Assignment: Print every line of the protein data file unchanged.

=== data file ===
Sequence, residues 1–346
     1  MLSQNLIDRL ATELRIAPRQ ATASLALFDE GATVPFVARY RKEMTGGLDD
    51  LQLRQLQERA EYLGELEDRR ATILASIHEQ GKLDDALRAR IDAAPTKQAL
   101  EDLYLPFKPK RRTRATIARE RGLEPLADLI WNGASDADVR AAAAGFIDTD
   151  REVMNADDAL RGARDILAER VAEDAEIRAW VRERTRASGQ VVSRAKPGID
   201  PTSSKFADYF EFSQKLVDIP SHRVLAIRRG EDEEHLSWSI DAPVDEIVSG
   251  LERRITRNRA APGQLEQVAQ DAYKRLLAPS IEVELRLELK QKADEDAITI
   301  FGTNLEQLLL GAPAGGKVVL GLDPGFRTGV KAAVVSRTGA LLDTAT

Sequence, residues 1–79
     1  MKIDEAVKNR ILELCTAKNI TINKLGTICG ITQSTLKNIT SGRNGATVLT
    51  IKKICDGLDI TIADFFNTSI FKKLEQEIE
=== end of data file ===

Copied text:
Sequence, residues 1–346
     1  MLSQNLIDRL ATELRIAPRQ ATASLALFDE GATVPFVARY RKEMTGGLDD
    51  LQLRQLQERA EYLGELEDRR ATILASIHEQ GKLDDALRAR IDAAPTKQAL
   101  EDLYLPFKPK RRTRATIARE RGLEPLADLI WNGASDADVR AAAAGFIDTD
   151  REVMNADDAL RGARDILAER VAEDAEIRAW VRERTRASGQ VVSRAKPGID
   201  PTSSKFADYF EFSQKLVDIP SHRVLAIRRG EDEEHLSWSI DAPVDEIVSG
   251  LERRITRNRA APGQLEQVAQ DAYKRLLAPS IEVELRLELK QKADEDAITI
   301  FGTNLEQLLL GAPAGGKVVL GLDPGFRTGV KAAVVSRTGA LLDTAT

Sequence, residues 1–79
     1  MKIDEAVKNR ILELCTAKNI TINKLGTICG ITQSTLKNIT SGRNGATVLT
    51  IKKICDGLDI TIADFFNTSI FKKLEQEIE